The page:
Thursday, February 27, 2020

Parental Guilt: a Double Edged Sword Inside a Conundrum

When I write about dysfunctional family dynamics on my blogs, in response I often get parents and adult children reacting in completely opposite ways to the very same post: the parents think I am putting the blame all on them, and the adult children likewise feel I’m singling them out. Of course, the parents had the issues that are creating difficulties before the kids ever came into existence, so this makes them somewhat more responsible, but they are reacting to binds that they themselves were put into by their own  parents. In turn, their parents were reacting to their parents, and so on.

Of course, when people feel blamed for something they don’t really like, but sort of know they had something to do with, they tend to feel guilty, which tends to make them defensive. Defensiveness, in turn, causes them to tune out discussions of what they might be able to do differently in order to fix the family problem. That would be bad enough, but there is something else that amplifies this problem even more. The fact that they felt guilty even before reading my stuff is often the main problem that caused them to give off destructive double messages to their kids in the first place.

The women’s movement was great in terms of opening up fulfilling opportunities for women for which they are more than qualified. However, it is also a big factor in creating a lot of parental guilt as when both parents are working, this has made many of them feel like they are neglecting their kids. As I have written, the Phyllis Schlaflys of the world pile on the guilt. This cultural argument has two effects on the parents: anger at their kids for complicating their lives, and attempts to make up for their frequent absences by overindulging their kids and trying to be friends with them.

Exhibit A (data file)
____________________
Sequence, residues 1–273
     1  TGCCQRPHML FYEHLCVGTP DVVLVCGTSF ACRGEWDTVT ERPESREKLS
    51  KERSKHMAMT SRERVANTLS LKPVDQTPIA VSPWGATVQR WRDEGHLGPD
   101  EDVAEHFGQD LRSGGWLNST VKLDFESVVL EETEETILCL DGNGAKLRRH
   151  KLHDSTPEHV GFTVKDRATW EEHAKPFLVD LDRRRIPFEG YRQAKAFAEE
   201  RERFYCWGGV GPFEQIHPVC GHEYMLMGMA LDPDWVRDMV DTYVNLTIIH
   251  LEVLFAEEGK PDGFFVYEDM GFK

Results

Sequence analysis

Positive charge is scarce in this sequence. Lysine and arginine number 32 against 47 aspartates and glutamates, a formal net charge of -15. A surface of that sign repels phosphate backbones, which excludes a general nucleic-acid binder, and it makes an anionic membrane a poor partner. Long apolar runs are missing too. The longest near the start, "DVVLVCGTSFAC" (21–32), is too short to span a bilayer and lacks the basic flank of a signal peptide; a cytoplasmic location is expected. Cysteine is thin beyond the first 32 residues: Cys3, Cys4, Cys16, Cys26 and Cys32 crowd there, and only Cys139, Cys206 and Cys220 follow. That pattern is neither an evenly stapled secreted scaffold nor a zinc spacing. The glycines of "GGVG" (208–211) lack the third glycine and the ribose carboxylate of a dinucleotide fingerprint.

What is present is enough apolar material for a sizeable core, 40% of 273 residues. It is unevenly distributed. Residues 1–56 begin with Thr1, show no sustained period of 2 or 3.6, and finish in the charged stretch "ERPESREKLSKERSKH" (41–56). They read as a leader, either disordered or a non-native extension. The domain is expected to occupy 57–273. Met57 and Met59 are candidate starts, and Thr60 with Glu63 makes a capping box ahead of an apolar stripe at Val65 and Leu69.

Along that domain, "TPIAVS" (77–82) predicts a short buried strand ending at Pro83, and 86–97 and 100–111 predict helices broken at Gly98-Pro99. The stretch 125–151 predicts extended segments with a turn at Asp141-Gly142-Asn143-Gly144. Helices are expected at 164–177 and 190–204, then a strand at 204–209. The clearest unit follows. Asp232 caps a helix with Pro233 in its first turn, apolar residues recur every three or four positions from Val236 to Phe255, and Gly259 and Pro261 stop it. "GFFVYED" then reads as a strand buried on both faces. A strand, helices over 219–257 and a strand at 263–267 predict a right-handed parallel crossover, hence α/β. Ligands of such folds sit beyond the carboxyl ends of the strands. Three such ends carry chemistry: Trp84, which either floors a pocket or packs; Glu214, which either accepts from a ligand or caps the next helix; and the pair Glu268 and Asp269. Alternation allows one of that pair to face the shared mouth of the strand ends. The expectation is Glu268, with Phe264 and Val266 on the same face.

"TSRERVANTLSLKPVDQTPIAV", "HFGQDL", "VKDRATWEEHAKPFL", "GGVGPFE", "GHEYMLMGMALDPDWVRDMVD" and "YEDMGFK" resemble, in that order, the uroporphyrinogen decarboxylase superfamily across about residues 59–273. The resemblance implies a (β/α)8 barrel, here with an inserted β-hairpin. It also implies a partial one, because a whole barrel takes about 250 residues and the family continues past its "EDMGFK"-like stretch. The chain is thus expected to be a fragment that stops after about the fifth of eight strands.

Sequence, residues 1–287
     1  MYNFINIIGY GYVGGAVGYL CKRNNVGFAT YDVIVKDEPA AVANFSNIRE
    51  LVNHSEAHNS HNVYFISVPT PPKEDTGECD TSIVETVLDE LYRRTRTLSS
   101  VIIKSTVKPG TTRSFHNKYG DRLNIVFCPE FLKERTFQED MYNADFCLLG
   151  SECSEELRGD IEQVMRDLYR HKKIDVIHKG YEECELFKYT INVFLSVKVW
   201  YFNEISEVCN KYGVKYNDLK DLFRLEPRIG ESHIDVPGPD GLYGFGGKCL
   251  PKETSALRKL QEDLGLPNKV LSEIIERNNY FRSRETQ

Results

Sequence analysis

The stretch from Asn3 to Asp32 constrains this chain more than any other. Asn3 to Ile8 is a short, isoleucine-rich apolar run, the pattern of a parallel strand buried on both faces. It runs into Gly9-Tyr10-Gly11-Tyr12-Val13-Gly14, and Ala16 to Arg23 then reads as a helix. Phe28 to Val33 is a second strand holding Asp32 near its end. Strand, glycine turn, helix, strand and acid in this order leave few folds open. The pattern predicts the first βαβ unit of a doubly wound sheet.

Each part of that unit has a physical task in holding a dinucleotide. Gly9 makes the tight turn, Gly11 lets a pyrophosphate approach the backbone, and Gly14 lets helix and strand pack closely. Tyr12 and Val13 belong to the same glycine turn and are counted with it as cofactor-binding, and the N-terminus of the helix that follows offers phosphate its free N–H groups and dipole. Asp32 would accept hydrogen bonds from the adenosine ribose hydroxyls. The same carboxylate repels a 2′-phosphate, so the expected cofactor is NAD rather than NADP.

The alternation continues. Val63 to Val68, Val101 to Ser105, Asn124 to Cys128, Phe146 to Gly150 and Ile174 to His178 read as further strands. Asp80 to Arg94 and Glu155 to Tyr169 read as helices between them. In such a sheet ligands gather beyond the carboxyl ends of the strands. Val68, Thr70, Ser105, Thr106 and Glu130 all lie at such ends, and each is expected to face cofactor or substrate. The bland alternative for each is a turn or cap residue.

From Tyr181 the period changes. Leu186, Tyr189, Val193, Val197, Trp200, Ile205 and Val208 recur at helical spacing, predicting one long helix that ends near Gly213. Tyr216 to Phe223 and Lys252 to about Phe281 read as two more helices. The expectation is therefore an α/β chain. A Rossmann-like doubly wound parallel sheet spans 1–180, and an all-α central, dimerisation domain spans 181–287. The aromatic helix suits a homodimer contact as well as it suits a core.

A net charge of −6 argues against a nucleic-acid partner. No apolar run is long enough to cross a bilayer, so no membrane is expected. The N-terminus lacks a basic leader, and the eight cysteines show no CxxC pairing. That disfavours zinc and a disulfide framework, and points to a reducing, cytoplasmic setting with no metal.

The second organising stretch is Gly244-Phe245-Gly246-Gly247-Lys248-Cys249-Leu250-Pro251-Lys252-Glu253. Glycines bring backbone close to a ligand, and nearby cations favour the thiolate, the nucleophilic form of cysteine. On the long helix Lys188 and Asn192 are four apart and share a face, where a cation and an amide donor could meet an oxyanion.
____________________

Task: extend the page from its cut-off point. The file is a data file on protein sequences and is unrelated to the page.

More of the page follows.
The latter behavior creates all the issues that parenting columnist John Rosemond has been writing about for years: it makes the kids feel inadequate. My view on this is slightly different than his: I think the kids start to believe that the parent’s constant need to cater to them is evidence that the parents need to be caretakers to remain mentally stable, so the children start to act as if they are inadequate so the parents can continue to feel needed.

If the parents’ anger predominates, this can lead to acting out by the child to provide the parent with a feeling of justification for being angry and therefore not as guilt-ridden.

If the parents go back and forth between compulsive caretaking and anger, the child develops one of the major characteristics of borderline personality disorder: spoiling behavior. When the parent gets too angry the child tries (and usually succeeds at) making the parent feel guilty, but then when the parent feels too guilty, the child finds ways to make them angrier.

Because the issue of parental guilt is so central, this creates a conundrum for anyone trying to get the family to discuss what is really going on so that it can be stopped or at least minimized – including any family member attempting to do this, a therapist trying to help the family, or a writer of blogs trying to get people to focus on real issues rather than looking for scapegoats or facile explanations for the self -defeating behavior of family members. When any of these folks bring up what the parents are doing “wrong,” this tends to make the parents feel even guiltier, which is the source of the problem in the first place. The problem then gets even worse rather than better.

When I had such a parent in therapy, I was able to find a way to finesse this, by discussing how their child may be mis-reading them, which tends to be a less guilt-inducing way to put it. Also, I can empathize with the bind that the parents are themselves feeling, having formed a preliminary hypothesis about why their own parents acted as they did.